Lockout came at a bad time for Gagnon

Robin
Robin Short
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The absurd National Hockey League lockout is pitting ridiculously rich hockey players against insanely rich owners, so forgive me for my inability to see the human face affixed to this particular labour dispute.

But there are people being hurt, and not just the behind-the-scenes crowd, like the laid-off folks in the NHL front offices, or those who have been getting by working in the arenas or in the surrounding bars and restaurants that were so busy 40 nights a year.

Now, Aaron Gagnon is not exactly being forced to the bread line today. He’s doing all right playing hockey, pocketing 100 grand and change as a St. John’s IceCap.

But $400,000 is $400,000, which is how much Gagnon stands to lose if the NHL season is lost due to a preposterous fourth work shutdown in 20 years.

Gagnon was supposed to be on a one-way NHL contract this season, earning $525,000 from the Winnipeg Jets whether he was playing in the NHL or the American Hockey League (one-way contracts pay the player one set amount, whether he’s with the NHL club or in Buchans; two-way contracts pay one amount in the minors and another in the NHL).

Instead, the product of British Columbia’s Okanagan Valley is working on an AHL deal paying him $105,000, good coin but a far cry from the one-way dough he was set to pocket.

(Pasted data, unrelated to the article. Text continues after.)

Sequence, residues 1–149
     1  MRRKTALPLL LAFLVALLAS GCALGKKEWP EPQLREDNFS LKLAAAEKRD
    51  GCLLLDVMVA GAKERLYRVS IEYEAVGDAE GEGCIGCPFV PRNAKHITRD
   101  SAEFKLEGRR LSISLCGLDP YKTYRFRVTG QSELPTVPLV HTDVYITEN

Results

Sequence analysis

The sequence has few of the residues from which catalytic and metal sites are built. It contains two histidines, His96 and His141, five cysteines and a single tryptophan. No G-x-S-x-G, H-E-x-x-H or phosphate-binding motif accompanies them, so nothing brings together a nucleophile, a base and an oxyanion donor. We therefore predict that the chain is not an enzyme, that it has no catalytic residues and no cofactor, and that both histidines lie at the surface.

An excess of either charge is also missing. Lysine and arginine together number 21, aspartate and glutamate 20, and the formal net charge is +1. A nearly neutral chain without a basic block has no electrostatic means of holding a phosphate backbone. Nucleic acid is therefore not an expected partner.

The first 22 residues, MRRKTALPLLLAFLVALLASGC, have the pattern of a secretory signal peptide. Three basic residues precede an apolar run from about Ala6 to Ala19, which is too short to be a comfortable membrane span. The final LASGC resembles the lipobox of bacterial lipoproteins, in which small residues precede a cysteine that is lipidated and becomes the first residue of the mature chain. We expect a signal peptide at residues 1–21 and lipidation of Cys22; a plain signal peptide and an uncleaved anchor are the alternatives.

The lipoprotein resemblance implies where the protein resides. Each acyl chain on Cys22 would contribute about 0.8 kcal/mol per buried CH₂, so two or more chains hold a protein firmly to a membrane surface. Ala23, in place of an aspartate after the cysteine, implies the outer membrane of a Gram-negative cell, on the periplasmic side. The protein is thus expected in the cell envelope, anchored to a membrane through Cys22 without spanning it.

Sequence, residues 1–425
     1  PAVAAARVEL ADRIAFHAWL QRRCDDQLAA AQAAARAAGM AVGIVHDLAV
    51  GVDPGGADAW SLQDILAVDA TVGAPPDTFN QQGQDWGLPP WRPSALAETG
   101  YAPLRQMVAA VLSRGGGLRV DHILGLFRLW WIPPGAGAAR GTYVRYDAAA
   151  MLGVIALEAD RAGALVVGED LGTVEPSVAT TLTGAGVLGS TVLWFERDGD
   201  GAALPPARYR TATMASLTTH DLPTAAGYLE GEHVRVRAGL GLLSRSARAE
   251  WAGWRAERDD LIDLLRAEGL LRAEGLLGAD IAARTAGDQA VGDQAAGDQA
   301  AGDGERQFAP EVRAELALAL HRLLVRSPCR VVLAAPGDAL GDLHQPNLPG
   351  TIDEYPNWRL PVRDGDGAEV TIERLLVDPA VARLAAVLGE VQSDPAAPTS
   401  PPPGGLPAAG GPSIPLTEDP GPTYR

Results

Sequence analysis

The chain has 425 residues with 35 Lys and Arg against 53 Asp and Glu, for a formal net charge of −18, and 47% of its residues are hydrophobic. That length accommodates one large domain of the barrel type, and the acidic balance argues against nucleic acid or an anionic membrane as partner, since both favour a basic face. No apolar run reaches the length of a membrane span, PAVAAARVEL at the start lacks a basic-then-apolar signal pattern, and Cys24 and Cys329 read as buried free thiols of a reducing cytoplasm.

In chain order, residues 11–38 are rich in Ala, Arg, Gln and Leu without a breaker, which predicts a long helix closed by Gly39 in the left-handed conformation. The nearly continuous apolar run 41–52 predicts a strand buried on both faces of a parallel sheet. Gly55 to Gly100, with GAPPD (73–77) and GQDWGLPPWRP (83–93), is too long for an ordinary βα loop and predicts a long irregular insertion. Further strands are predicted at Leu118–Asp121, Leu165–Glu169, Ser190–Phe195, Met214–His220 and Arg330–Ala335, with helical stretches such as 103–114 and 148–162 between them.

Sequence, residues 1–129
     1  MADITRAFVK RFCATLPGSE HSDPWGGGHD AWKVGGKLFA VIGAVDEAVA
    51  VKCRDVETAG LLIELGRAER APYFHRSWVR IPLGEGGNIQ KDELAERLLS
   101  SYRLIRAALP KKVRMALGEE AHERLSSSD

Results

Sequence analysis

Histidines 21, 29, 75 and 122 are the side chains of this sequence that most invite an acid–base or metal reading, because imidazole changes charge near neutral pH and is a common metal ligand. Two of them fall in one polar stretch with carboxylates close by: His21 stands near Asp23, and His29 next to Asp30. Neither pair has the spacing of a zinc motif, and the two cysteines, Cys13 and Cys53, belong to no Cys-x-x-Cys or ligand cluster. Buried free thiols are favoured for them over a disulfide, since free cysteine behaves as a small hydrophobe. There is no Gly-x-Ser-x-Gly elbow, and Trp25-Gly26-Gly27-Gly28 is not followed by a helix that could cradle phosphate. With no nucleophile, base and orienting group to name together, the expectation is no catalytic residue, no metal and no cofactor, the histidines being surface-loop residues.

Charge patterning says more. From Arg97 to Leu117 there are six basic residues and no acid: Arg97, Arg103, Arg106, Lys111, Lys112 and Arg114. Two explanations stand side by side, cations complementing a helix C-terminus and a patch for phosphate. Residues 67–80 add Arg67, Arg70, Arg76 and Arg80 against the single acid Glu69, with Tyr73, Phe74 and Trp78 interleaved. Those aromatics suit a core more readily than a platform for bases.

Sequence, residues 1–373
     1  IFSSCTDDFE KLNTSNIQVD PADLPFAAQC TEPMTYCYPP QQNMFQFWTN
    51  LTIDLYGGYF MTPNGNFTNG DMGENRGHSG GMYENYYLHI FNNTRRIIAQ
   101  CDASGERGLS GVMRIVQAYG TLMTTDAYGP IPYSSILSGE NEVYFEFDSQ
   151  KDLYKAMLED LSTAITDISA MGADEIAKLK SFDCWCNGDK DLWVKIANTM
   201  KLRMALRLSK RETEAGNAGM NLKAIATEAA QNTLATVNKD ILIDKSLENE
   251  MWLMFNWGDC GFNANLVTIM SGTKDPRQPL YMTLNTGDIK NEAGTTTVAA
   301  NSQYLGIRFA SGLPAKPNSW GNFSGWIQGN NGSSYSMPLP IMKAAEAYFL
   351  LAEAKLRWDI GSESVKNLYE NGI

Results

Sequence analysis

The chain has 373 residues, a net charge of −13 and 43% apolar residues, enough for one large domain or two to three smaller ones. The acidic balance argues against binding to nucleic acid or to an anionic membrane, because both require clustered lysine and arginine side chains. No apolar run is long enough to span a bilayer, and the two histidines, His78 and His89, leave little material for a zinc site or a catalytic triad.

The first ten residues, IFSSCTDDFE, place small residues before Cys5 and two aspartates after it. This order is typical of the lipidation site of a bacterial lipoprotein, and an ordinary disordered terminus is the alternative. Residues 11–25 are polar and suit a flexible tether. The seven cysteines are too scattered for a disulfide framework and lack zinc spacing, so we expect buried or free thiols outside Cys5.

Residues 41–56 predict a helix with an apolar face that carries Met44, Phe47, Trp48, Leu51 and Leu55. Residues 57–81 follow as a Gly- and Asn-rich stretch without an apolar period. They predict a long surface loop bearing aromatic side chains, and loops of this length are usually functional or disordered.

So much that new wing on the Kelowna condo for he and his new bride, huh?

“No,” he grinned this week during an IceCaps’ skate, “nothing’s really changed. I wasn’t getting a new car or anything ... none of that.

Planning ahead

“I’m always looking to plan down the road because you never know how long you have in the league. We have a short career so whatever money you can make and save, you need to do so and not use it all up right now.”

Good thing Gagnon didn’t have the money tagged for a place down south or a boat, because if the lockout lasts, he’s out of luck.

Gagnon scored the contract in the summer of 2011 when the Jets signed him for two years as an unrestricted free agent.

It came after a 2010-11 season split between the Dallas Stars, where he appeared in 19 games, and the team’s AHL club in Austin, Texas.

The contract expires at the end of this season and, considering it will have been two straight years in the American league, chances are the phone won’t be ringing off the wall with general managers dangling one-way pacts.

Gagnon got married this past summer, and both he and Tzigahey figured they’d poke away a nice bit of money this season.

And then the doors were locked shut.

Watching it all unfold, Gagnon wonders if it can really be happening.

“Yeah, that’s pretty much what you’re thinking,” he says. “You work your life to get a one-way deal, and this comes and you’re sitting there watching it all unfold.

“But it is what it is, and it’s about everybody’s best interest. I’m one guy out of 700 in the league. There are a lot of deals in the future and this is about the future, not just this season only.”

Gagnon had a stellar season with the IceCaps last year, contributing 14 goals and 20 assists in 63 games. He impressed enough that he was recalled to the Jets for seven games.

He won’t be mistaken for Mike Bossy, but nonetheless is one of the IceCaps’ most complete players.